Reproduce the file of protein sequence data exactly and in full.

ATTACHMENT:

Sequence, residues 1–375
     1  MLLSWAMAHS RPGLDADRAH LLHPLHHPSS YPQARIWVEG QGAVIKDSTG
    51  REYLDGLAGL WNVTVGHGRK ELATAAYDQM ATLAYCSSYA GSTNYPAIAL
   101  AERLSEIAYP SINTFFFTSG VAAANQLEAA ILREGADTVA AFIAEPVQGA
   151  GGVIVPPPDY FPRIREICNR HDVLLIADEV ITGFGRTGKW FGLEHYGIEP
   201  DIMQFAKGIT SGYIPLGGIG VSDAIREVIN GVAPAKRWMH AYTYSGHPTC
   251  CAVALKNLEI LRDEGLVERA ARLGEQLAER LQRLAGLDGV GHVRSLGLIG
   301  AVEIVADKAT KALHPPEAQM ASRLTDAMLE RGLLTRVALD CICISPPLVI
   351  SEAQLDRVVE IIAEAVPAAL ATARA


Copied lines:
Sequence, residues 1–375
     1  MLLSWAMAHS RPGLDADRAH LLHPLHHPSS YPQARIWVEG QGAVIKDSTG
    51  REYLDGLAGL WNVTVGHGRK ELATAAYDQM ATLAYCSSYA GSTNYPAIAL
   101  AERLSEIAYP SINTFFFTSG VAAANQLEAA ILREGADTVA AFIAEPVQGA
   151  GGVIVPPPDY FPRIREICNR HDVLLIADEV ITGFGRTGKW FGLEHYGIEP
   201  DIMQFAKGIT SGYIPLGGIG VSDAIREVIN GVAPAKRWMH AYTYSGHPTC
   251  CAVALKNLEI LRDEGLVERA ARLGEQLAER LQRLAGLDGV GHVRSLGLIG
   301  AVEIVADKAT KALHPPEAQM ASRLTDAMLE RGLLTRVALD CICISPPLVI
   351  SEAQLDRVVE IIAEAVPAAL ATARA